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Hmm I have always read of Hungarian as having many cases just like Finnish. I'm also finding a number of pages counting many Japanese particles as case markers, but going into more depth unfortunately. I don't find much of what you have to say about adpositions to match the accepted views. Rather than a "standard order" of affixes I'm sure I'd only heard of "rigid order" of affixes as part of the definition of agglutination. Earlier today I read that Estonian was diverging from Finnish to the point of becoming an isolating language. I'm interested to read more tying "case" to "agreement". –  hippietrail Jun 25 '11 at 20:36
    
@hippietrail: It's often said about Hungarian, but Hungarian grammatical tradition was probably highly influenced by Latin. The fact is that adjectives in Hungarian don't agree by case, while Finnish adjectives do. The Hungarian adjectives may have done the same thing in the past (since both languages are part of the same Finno-Ugric family), but I don't know enough about these languages to tell. –  Boaz Yaniv Jun 25 '11 at 20:41
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And more about case: one of the most confusing things here is that some generative linguists use "case" an entirely different (and separate) sense from "morphological case". I'm not strong on generative linguistics (frankly, it kinda bores the heck out of me :)), but from what I understand those cases really refer to the syntactical role of a noun phrase (NP in generative lingo) in the sentence. This is similar to what a morphological case usually does, but for the generative syntacticians they exist in every language - they are just marked differently. –  Boaz Yaniv Jun 25 '11 at 20:49
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@hippietrail: I mostly judge on what I know. The only agglutinative languages I know to a satisfying degree (to make some assumptions about them) are Japanese, Korean, Swahili and Quechua (and I know Japanese far better than the other three :)). It might make a my view a bit biased, but that would be true for just about anyone. Anyway, linguists usually tend to have many different opinions on the same subject, though when you inspect things closely, you'll often find the difference is not so huge. –  Boaz Yaniv Jun 25 '11 at 20:53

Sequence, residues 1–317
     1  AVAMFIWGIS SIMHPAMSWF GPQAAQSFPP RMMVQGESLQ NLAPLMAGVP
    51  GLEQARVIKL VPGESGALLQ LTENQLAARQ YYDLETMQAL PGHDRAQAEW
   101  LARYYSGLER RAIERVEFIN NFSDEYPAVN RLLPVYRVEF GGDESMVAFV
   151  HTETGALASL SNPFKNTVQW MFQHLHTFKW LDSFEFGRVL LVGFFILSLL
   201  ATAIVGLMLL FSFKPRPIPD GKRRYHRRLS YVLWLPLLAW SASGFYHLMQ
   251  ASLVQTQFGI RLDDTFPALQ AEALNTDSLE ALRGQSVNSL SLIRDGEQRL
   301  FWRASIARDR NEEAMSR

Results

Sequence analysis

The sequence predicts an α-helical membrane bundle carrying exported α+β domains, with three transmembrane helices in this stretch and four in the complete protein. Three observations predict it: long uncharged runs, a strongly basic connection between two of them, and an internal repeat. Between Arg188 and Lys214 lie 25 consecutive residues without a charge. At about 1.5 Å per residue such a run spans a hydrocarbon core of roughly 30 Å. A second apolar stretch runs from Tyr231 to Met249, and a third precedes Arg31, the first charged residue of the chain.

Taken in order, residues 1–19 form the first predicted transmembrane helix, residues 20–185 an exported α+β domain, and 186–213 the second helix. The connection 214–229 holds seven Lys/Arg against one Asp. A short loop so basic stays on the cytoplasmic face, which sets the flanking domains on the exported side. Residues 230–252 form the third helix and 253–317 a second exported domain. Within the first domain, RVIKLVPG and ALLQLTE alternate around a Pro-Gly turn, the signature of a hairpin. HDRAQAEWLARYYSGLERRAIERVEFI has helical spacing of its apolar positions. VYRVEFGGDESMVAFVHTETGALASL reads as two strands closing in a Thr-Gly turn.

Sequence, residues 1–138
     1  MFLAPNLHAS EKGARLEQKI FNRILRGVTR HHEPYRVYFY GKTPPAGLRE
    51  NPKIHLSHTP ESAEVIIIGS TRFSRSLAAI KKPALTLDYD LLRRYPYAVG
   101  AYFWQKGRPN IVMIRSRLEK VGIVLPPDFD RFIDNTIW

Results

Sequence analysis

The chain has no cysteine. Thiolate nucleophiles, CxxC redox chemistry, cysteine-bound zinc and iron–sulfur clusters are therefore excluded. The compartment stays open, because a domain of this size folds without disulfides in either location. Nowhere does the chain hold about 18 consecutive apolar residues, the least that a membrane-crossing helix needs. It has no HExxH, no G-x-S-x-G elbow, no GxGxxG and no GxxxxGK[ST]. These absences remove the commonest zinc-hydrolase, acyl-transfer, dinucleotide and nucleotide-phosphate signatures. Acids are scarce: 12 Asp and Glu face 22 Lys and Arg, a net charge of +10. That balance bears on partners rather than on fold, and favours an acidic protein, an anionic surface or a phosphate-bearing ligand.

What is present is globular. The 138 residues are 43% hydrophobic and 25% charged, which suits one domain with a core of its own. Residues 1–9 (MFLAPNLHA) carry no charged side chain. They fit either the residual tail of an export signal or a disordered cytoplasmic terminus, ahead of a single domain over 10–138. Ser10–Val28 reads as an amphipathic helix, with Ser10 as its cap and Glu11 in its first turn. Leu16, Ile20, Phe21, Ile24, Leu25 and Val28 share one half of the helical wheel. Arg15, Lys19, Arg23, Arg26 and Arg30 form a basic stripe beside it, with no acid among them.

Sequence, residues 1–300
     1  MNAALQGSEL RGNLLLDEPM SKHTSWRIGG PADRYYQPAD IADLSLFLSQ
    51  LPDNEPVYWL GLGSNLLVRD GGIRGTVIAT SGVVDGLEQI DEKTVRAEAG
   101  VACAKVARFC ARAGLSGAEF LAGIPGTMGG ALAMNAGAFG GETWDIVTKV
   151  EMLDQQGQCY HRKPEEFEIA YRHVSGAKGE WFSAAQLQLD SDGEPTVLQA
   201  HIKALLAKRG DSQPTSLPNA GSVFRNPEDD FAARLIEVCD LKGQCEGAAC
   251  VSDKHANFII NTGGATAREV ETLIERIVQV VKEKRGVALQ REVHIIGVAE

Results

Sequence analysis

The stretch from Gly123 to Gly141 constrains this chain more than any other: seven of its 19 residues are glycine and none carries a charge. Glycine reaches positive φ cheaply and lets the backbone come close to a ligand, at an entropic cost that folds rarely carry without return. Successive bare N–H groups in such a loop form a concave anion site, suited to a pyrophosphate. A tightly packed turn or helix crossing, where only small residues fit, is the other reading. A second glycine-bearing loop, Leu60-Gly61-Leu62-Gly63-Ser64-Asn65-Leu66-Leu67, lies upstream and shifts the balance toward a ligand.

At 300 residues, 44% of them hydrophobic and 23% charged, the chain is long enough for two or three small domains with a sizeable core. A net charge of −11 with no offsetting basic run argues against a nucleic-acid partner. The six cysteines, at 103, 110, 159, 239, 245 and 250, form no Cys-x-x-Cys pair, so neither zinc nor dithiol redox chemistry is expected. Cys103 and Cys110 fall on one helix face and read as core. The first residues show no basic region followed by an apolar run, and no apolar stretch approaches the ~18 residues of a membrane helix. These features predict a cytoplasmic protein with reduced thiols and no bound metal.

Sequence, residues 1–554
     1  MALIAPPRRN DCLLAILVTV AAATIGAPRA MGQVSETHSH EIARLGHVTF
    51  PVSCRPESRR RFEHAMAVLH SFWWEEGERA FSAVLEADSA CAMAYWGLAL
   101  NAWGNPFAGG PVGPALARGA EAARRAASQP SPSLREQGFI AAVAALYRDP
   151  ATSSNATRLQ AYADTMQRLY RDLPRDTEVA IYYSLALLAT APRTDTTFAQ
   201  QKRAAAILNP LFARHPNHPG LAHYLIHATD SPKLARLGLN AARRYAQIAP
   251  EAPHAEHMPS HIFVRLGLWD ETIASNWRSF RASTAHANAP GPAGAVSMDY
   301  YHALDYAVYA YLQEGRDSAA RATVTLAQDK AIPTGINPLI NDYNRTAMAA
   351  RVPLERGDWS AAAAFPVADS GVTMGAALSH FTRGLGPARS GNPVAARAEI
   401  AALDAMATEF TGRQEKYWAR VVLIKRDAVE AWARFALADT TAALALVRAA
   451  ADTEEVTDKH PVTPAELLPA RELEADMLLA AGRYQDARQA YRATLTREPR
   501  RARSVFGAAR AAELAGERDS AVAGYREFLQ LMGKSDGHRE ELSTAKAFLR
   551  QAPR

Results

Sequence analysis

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@hippietrail: Concerning Hungarian, the use of "case" in Hungarian grammar could be challenged as Boaz said because the inflexion is not aligned on epithets, except in minor situations, but it is not completely wrong and has been internalized by speakers. Hungarian has changed a lot during the last nine centuries, notably verb grammar, and has been heavily influenced by latin, german, slavic languages and turkish. Speaking of Georgian: really another ball game altogether. The agglutinate aspects are just one part of it. Good luck to you. –  ogerard Jun 25 '11 at 22:11